With the marijuana business hitting new ― ahem ― highs on a daily basis, one of the biggest headaches in the business is simply finding a name for your cannabis company that someone hasn’t already used. And one that isn’t totally lame.
Not to mention like with any new business with no brand recognition, you need to make yourself stand out. With that kind of pressure, it’s inevitable some efforts will go wrong.
Oklahoma’s Treehouse Dispensary was recently in the news after Canadian media company Nelvana took legal action against it, for using an almost perfect facsimile of the Treehouse TV logo.
Besides being a cringeworthy and blatant ripoff, using the logo of a TV channel for small children to sell weed raises questions about your target clientele.
But Treehouse Dispensary isn’t the only one; there’s a been a small tidal wave of legal action against cannabis businesses that have been accused of ripping off known brands or logos.
Maybe that’s simply due to the fact that the cannabis business is descended from the cannabis black market, where copyright violations were the least of one’s legal concerns.
But whatever the reason, this is one industry where the brands often look ― shall we say ― suspiciously familiar. Check it out.
Weed the North
Trying to appeal to Raptors fans, we imagine.
A number of places in the U.S. and Canada have popped up with this name, and they don’t all appear to be related. They’ll have to work that out amongst themselves eventually, and maybe with Starbucks as well.
Reefer’s peanut butter cups and Mr. Dankbar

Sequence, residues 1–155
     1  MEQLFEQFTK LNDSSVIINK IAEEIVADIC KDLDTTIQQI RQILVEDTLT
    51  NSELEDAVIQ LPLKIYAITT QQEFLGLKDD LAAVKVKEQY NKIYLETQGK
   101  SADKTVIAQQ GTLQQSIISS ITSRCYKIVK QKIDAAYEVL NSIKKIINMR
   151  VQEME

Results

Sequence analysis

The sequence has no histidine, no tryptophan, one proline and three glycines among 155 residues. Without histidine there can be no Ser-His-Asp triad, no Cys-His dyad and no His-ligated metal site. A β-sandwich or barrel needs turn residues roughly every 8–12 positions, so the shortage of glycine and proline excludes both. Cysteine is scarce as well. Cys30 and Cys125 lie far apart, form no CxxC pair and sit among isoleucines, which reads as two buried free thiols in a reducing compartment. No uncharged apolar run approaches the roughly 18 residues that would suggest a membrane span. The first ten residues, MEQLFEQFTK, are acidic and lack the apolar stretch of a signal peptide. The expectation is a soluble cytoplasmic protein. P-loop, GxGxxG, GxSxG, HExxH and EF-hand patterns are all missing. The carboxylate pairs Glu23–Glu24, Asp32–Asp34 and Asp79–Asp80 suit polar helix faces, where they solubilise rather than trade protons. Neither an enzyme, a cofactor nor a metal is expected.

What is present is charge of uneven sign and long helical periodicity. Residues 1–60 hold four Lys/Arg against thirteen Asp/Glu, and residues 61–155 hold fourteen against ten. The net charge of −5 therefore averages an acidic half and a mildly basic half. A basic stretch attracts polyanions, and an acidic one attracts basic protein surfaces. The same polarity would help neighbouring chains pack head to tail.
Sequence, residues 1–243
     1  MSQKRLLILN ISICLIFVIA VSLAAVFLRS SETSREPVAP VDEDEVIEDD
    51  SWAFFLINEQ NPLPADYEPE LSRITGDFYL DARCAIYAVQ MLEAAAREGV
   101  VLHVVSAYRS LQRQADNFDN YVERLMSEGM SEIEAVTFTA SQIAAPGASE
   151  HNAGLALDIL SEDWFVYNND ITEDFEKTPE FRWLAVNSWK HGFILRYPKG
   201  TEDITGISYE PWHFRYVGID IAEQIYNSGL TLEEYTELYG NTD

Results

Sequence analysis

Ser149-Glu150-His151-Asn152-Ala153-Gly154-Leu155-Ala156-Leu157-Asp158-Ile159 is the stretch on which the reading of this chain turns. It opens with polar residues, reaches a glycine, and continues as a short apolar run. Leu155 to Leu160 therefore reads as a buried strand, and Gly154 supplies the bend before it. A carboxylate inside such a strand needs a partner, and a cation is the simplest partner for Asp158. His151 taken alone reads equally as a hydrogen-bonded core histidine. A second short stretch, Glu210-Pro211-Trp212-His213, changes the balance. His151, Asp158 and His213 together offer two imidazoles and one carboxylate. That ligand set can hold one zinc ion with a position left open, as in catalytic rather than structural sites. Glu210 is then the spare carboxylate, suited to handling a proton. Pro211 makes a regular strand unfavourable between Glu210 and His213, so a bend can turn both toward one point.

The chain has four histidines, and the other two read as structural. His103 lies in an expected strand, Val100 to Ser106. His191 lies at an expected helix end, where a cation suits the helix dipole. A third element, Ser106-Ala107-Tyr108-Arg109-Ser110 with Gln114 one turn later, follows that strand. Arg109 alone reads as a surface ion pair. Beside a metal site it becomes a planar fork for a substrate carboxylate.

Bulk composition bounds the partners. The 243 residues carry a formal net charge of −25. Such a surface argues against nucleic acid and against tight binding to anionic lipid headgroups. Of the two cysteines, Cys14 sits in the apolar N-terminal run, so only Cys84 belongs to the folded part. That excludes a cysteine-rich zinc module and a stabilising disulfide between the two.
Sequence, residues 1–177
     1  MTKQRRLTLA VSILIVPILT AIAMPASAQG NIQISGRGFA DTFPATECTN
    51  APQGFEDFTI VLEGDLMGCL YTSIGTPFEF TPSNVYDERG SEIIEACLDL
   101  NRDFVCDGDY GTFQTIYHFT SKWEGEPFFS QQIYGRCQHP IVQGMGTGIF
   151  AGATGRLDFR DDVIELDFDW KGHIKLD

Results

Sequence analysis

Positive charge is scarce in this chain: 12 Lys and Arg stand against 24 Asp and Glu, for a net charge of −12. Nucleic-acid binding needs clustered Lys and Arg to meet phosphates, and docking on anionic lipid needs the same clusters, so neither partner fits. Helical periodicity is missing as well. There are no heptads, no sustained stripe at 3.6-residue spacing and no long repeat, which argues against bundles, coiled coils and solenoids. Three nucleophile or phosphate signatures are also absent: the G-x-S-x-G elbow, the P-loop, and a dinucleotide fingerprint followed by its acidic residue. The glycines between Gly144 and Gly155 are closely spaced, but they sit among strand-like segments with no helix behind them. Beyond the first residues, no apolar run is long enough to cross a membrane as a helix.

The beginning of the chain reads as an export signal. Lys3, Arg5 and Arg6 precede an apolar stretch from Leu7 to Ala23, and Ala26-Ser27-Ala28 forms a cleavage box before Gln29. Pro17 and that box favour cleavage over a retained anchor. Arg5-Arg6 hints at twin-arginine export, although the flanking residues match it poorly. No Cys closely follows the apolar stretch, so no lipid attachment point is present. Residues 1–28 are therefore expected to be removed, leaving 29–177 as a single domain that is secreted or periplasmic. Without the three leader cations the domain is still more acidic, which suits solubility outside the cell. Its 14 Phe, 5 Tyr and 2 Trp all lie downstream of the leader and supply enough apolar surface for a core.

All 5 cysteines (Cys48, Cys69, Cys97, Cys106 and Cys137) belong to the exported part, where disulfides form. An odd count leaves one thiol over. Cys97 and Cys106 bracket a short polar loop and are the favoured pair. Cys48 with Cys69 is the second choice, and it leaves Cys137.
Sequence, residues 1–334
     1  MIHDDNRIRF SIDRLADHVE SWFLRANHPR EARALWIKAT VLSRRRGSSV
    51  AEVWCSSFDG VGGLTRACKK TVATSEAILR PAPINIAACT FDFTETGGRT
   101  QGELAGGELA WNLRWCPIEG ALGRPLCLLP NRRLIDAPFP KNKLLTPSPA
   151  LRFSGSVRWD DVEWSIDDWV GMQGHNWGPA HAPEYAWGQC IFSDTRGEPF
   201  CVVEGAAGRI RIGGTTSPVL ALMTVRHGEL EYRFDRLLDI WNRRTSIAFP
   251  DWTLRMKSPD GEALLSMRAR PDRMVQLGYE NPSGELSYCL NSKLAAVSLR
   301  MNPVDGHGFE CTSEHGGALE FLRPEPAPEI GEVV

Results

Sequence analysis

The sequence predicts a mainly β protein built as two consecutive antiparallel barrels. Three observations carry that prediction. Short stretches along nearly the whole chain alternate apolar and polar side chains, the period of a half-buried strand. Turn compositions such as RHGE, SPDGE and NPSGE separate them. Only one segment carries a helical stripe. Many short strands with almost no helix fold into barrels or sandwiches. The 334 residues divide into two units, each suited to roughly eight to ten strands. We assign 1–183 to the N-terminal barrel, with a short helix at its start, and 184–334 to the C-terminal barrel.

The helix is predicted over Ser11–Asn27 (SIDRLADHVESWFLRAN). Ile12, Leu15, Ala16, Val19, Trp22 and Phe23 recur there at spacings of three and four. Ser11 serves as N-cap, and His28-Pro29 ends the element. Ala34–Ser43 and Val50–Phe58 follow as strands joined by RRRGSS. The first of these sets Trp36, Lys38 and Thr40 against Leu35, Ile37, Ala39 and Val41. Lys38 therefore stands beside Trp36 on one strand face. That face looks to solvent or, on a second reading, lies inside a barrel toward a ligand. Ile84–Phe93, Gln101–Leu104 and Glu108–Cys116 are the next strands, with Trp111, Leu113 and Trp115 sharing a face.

Pot parodies of candy bar names are all over the place ― they are in essence a kind of shorthand to let customers know what kind of cannabis edible they are getting. For instance, Reefer’s peanut butter cup’s name lets you know this is chocolate and peanut butter, with cannabis. But Hershey didn’t find this amusing. Back in 2014, the Seattle-based maker of these candy bar brands settled out of court with Hershey.
They are not the only ones, though. Here’s a similar product from Canada’s Exotica Farms. (And don’t forget that, until later this year, edibles are still illegal for recreational use under Canadian law.)
It was inevitable that the name of Jerry Garcia’s perennially road- and mushroom-tripping band would eventually be a cannabis brand. And it’s only right.
People in L.A. have probably been making the “Hollyweed” joke since the 60s, so parodying the Planet Hollywood restaurant chain owned by a bunch of (former) A-list celebrities seems like a natural next step.
This not-exactly-legal “Uber for weed” launched in Toronto in 2018.